Is there some way to make this easy?

Yes, like this:

$ wget https://www.idrix.fr/VeraCrypt/VeraCrypt_PGP_public_key.asc
$ gpg --with-fingerprint VeraCrypt_PGP_public_key.asc
pub  rsa4096/54DDD393 2014-06-27
      Key fingerprint = 993B 7D7E 8E41 3809 828F  0F29 EB55 9C7C 54DD D393
uid                   VeraCrypt Team <veracrypt@idrix.fr>

The displayed fingerprint should be equal for both files. Note, how the lower few bits of the hash represent the key ID (EB559C7C54DDD393).

Is there some reason these things aren't published in a standardised form?

They are, just check out RFC 4880 for the OpenPGP Message Format specification.

What makes that MIT file so big?

It contains a lot more signature packets. Again, from the RFC:

An OpenPGP message is constructed from a number of records that are traditionally called packets. An OpenPGP message, keyring, certificate, and so forth consists of a number of packets.

You can list all packets in a file via --list-packets (or use pgpdump(1) for a more readable version).

$ gpg --list-packets VeraCrypt_PGP_public_key.asc

This will yield an enumeration like this:

# off=0 ctb=99 tag=6 hlen=3 plen=525
:public key packet:
    version 4, algo 1, created 1403892630, expires 0
    pkey[0]: [4096 bits]
    pkey[1]: [17 bits]
    keyid: EB559C7C54DDD393
# off=528 ctb=b4 tag=13 hlen=2 plen=35
:user ID packet: "VeraCrypt Team <veracrypt@idrix.fr>"
# off=1137 ctb=89 tag=2 hlen=3 plen=540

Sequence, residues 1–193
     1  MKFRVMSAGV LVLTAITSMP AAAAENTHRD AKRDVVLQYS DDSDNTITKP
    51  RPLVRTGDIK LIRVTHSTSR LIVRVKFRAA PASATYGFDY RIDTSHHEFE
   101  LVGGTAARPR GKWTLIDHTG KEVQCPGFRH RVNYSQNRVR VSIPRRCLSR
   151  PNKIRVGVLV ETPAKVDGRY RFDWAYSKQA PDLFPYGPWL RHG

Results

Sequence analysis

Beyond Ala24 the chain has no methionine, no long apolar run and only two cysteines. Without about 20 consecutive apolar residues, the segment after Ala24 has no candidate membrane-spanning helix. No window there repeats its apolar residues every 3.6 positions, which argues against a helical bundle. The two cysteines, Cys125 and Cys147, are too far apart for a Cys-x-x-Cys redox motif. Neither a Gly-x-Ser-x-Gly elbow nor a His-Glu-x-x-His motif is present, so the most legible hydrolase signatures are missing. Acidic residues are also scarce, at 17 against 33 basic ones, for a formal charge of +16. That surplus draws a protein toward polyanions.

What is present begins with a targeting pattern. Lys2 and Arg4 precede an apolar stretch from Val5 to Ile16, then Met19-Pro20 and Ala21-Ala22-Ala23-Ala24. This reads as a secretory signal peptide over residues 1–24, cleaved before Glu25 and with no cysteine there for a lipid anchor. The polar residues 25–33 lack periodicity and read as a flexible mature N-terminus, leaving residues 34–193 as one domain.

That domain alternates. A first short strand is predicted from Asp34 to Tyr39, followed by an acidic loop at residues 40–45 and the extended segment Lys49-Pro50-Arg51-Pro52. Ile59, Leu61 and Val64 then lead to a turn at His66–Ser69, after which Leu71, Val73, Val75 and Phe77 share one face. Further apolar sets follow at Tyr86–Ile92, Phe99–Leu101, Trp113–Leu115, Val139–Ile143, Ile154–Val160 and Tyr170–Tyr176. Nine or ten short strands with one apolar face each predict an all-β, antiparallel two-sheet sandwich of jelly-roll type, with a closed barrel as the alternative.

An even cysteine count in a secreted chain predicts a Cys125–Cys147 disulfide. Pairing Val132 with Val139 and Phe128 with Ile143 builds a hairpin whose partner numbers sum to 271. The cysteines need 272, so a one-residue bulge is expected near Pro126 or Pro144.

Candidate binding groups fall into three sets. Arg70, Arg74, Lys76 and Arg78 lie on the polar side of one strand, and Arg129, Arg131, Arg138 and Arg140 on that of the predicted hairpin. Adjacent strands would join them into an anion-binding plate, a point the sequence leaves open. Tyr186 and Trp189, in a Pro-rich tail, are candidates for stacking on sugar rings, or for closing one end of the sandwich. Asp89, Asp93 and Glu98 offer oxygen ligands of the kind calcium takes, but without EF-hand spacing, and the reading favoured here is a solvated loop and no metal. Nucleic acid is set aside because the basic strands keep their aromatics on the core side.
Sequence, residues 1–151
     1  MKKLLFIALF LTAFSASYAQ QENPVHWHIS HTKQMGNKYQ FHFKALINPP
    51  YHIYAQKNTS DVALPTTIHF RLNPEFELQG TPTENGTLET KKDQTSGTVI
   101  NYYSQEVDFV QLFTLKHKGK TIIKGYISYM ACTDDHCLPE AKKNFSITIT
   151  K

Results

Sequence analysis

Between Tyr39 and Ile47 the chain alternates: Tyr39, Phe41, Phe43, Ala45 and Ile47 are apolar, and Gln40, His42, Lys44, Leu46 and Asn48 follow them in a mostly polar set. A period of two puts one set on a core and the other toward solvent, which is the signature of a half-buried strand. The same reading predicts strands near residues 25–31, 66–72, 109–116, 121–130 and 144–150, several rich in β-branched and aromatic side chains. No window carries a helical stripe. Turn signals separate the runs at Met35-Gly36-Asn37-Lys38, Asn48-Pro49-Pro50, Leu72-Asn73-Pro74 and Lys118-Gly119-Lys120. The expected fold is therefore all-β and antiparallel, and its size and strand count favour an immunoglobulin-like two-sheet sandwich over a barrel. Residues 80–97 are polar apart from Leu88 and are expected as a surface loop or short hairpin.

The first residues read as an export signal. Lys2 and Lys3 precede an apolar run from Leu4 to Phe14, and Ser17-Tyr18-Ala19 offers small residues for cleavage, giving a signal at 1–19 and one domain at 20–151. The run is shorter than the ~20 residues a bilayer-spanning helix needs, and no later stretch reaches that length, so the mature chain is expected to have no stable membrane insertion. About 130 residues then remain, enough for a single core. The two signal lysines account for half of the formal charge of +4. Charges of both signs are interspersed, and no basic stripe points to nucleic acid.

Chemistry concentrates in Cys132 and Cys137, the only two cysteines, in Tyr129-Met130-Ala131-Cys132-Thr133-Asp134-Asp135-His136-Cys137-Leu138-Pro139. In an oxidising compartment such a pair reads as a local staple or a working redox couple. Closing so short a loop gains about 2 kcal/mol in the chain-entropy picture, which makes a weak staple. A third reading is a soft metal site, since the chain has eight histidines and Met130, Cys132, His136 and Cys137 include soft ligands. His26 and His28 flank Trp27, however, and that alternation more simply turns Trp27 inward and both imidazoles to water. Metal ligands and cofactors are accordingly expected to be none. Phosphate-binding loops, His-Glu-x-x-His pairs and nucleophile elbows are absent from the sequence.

:signature packet: algo 1, keyid D6BE7DAF738161CE
    version 4, created 1403950017, md5len 0, sigclass 0x10
    digest algo 2, begin of digest 08 92
    hashed subpkt 2 len 4 (sig created 2014-06-28)
    subpkt 16 len 8 (issuer key ID D6BE7DAF738161CE)
...

As you can see, the public key packet has the familiar key ID EB559C7C54DDD393, while the signature packets come with their respective issuer's key ID (which you can also look up at the keyserver).

Side note: What you call "preamble" is called ASCII armor and used to transfer PGP messages over channels that have difficulties with arbitrary binary data (e.g. e-mails). It's part of the format and you can leave it in the file.

2

tl;dr: both dumps contain the same keys, but you get some additional certifications from the key server not included in the minimal export of the VeraCrypt website.

OpenPGP Packets

OpenPGP keys are composed by a set of OpenPGP packets, which can be listed by gpg --list-packets and pgpdump. For exported keys, there's one required packet, the public key packet. Sneak peak (explanation following below): this is the same for both keys.

:public key packet:
  version 4, algo 1, created 1403892630, expires 0
  pkey[0]: [4096 bits]
  pkey[1]: [17 bits]